Mark A. Packo, resident of Oregon, Ohio and one of Toledo’s award-winning photographers, filmmaker and designers, passed away at Bay Park Hospital in Oregon after a protracted battle with complications of diabetes. He was 68.
“Mark had an extraordinary eye and talent for capturing emotions with his camera and with his pen. And, he did it like none other. He had the perfect balance of perfection and joviality,” said his brother Kirk. “His gentleness and love of visual beauty was exquisite.”
Mr. Packo was born May 2, 1951 in Toledo, Ohio to the late Robert and Mary Margaret “Bess” Packo. Robert was the eldest son of Tony Packo, renowned Toledo restauranteur. Mark and his younger brother Kirk attended both St. Angela Merci Hall Elementary and St. Stephen’s Elementary in the Birmingham neighborhood of East Toledo. Mark and his family moved to a historic farmhouse in Oregon in 1962. Mark attended Cardinal Stritch High School graduating in 1969. While at Stritch, he embarked on his future by following in his father’s footsteps as photographer and designer. He was the editor-in-chief of the Stritch yearbook which included a then novel vinyl record of “Stritch Sounds.” He co-edited “Profiles” a regular youth page column with friend D. Mark Hornung in the Toledo Catholic Chronical. His photographic creativity earned him a first prize national scholarship from Kodak in 1969. He went on to study graphic design at Pratt Institute in Brooklyn, New York through 1973. He began his career as an art director in New York City and taught typographic design at Parson’s School of Design in Manhattan.
Mark returned to Toledo in 1980. He worked as a graphics art director at both Wiedersehen-Strandberg and Fahlgren & Ferriss. In 1983, he co-founded the Toledo design firm Packo, Mitchell, Hanson & Comer. He left to start his own photo and film production company, Filmwerks Studios in 1985. Mark and his long-time companion Virginia Clarke, founder of Design-at-Work, merged creative efforts operating in Toledo’s Warehouse District where they actively supported the development of this historic area for many years. Their firms were located in a mid-19th century building on Toledo’s waterfront, the former Buckeye Tobacco Factory. Virginia passed away in 2014 and Mark retired from Filmwerks due to his health the same year.
His print and still photography have been featured in numerous publications including Time, USA Today, Esquire, Metropolitan Home and Communication Arts magazines. His work in print, television and film has won national awards, including an Emmy nomination for the PBS documentary, Air Force One: The Planes & The Presidents, which he co-produced and co-directed. Six quilt making books have been published with his photographs, most recently Quilts by Karen K. Stone. His photography and designs graced several albums of Toledo musician, composer and close friend Tim Story. Additionally, Mark published several photographic books available at Blurb.com, including a 50-year retrospective on the photographic work of friend Harrel Long, a long-time photographer for The Toledo Blade.
Mark coordinated the complex graphic and design elements for the annual meetings of the American Society of Retina Specialists and was awarded the Crystal Paragon Award by Meetings Planners International for the number one meeting held internationally in 1992, beating out such other corporate events such as Microsoft and the Hilton Hotels chain.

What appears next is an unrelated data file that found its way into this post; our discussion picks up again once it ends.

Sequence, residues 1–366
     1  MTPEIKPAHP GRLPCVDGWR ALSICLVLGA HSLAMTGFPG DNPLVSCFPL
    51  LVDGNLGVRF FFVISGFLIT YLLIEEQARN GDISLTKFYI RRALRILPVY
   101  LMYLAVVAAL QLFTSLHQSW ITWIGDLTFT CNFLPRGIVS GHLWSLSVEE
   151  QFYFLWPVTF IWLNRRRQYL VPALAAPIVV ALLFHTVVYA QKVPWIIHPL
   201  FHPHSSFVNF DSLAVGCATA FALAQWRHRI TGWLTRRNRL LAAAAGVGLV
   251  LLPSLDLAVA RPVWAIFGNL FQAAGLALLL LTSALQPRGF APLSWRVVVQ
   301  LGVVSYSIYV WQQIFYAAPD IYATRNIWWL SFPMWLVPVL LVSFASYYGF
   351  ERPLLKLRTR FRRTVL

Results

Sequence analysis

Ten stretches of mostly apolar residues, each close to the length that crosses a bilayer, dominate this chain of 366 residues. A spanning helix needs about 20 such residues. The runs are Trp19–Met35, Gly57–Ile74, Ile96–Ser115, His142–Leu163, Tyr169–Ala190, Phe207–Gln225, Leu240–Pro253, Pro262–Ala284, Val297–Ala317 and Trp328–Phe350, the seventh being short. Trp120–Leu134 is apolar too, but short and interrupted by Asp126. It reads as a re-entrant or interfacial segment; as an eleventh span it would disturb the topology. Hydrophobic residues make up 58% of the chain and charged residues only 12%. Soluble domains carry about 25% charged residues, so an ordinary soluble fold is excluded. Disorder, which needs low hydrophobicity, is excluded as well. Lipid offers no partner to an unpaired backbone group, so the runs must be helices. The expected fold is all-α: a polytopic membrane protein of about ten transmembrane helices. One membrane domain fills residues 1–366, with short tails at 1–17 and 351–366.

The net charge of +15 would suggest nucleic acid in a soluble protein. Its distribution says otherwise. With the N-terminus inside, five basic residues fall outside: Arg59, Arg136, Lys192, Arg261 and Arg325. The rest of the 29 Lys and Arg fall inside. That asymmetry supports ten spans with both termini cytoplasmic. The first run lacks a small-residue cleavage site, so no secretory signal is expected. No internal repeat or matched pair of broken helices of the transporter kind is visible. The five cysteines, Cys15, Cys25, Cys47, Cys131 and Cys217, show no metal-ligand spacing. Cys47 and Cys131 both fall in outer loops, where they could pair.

In addition to his artful talents, Mark was an exceptional muse. He provided the opportunities and inspiration for a great many artists and photographers throughout his life. His cousin Alana Packo, a dance and photography major at the University of Michigan wrote, “To be graced with a soul as beautiful, genuine and fearless as my beloved cousin and mentor Mark is a treasure that only comes about once in a lifetime. He was pivotal to my desire to pursue the art of photography and I truly would not be the artist and human I am today were it not for his profound presence in my life. His imprint on my heart will remain forever.”
Mark was preceded in death by his parents Robert and Mary Margaret “Bess” Packo, grandparents Tony and Rose Packo, and Margaret and Henry Paluh, aunt Nancy Packo Horvath, and soul-mate Virginia. Surviving are his brother Kirk Packo, MD, a physician in Chicago, and his nephew Robert G. Packo, a filmmaker, actor and audio engineer in Chicago. Also surviving are uncle Tony Packo, Jr., cousins Tony Packo III and Alana Packo, cousin Robin Packo Horvath, and cousins Barbara (Szirotnyak) Halasz and Michael Szirotnyak. Mark’s life joy were his many pets too numerous to mention, but with special remembrance of dogs Zsa Zsa, Ilford, Leica and Agfa, and cat Sweet Pea.
“Mark was my hero and mentor. He had the most amazing eye,” said Robert of his uncle. “He was the inspiration behind my decision to enter the film industry. In grade school I had decided that I wanted to be an artist. I decided that I wanted to be like Marky.” His gentleness, smile, but most of all his talent will be missed by many.
Burial will be private at St. Ignatius Cemetery. Memorial contributions may be made to the American Diabetes Association. Online condolences may be left for Mark’s family and friends at www.freckchapel.com. A memorial service is planned celebrating Mark’s talent and life to be held in January 2020. Memorial service plans for next January will be posted at the Freck website and on Facebook.
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